Politics, Logic, and Love: The Life of Jean van Heijenoort
By Anita Burdman Feferman
AK Peters, Wellesley, Massachusetts, 1993. 415 pages. $29.95
One day in the summer of 1945, a man of 33 enrolled at New York University to study for an advanced degree in mathematics. Although older by far than the average graduate student, he worked hard over the next four years under the demanding supervision of J.J. Stoker and earned a doctor's degree with a thesis entitled "On Locally Convex Surfaces''. For the next four decades he was professor of mathematics at a variety of colleges in the U.S.; during that time he became editor of the Journal of Symbolic Logic, and he produced a major scholarly contribution in his From Frege to Gödel: A Source Book in Mathematical Logic.
This man, before walking through the doors of NYU, had been Leon Trotsky's gun-carrying bodyguard; he had held that position from October 1932 until Trotsky's assassination in August 1940, after which he became one of the principal promoters of Trotsky's "Fourth International".
Anita Feferman, who know Jean van Heijenoort (1912-1986) personally for many years, has written the absolutely spellbinding story of a man who lived two lives --- in series, but not entirely without connection. I began to read the book by dipping in here and there, held initially by the gossip and then by my desire to understand a life that was so split. It became clear that later I would read it through from title page to index.
Let me begin with a few words about Lev Davidovitch Bronstein, whom the world cam to know as Leon Trotsky (1879-1940). One of the principal actors in the Russian Revolution and in the early Soviet government, a brilliant orator and writer, a charismatic politician and personality, an interpreter and creator of his own version of theoretical and applied Marxism, Trotksy was, when van Heijenoort first met him, living in exile on the Turkish island of Prinkipo in the Sea of Marmara. He had been expelled from Russia by Stalin in February 1929 and came to be regarded by the Stalinist Faithful of the World as the antichrist of Marxism.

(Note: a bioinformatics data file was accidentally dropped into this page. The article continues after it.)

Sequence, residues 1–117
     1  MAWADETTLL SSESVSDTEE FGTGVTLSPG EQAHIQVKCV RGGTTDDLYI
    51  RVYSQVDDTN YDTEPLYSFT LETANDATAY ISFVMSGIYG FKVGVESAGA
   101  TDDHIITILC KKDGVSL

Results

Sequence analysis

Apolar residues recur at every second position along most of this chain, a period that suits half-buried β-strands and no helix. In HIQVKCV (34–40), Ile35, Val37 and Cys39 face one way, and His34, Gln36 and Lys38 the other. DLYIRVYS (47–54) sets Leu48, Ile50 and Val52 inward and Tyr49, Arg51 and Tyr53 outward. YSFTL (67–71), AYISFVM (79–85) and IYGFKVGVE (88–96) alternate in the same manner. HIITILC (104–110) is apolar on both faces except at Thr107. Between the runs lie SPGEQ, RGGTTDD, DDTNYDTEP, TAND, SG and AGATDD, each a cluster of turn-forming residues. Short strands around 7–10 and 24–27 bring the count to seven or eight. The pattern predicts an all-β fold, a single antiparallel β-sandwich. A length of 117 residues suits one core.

Why did Van (as he was known to his friends), a young man of 20, forsake the complex variables and abstract algebra he was studying at the Ecole Normale and in 1932 join the world-renowned Trotsky as part of Trotsky's court? Why did he then follow Trotsky to his various refuges in France, Norway, and finally Mexico?
Van Heijenoort was born in the small village of Creil, 50 kilometers north of Paris; his first memories were of military action in World War I and of his father bleeding to death in the absence of doctors. With these memories as background and with the worsening of the world economic depression in the early 1930's, it was probably inevitable that this bright village star would turn to Marxism as a source of salvation. He joined Trotskyist circles in France and was selected because of his intelligence and language skills to join the Master in exile. Explaining later why he had turned to Trotsky and not to Stalin, van Heijenoort said, "It was almost a question of style, of literary style, even. It was enough to read five sentences of one and five sentences of the other."
Ultimately, at the invitation of President Cardenas of Mexico, the court established itself in Cayoacan, where Trotsky wrote furiously, plotted world revolution, defended himself against both Stalin's trumped-up accusations and his murderers. Van Heijenoort, for his part, acted as personal secretary, as secretary of the Fourth International, as one of the bodyguards; in his spare time he developed an intimate relationship with Frida Kahlo, whose prominence as an artist seems now to overshadow that of her husband, Diego Rivera.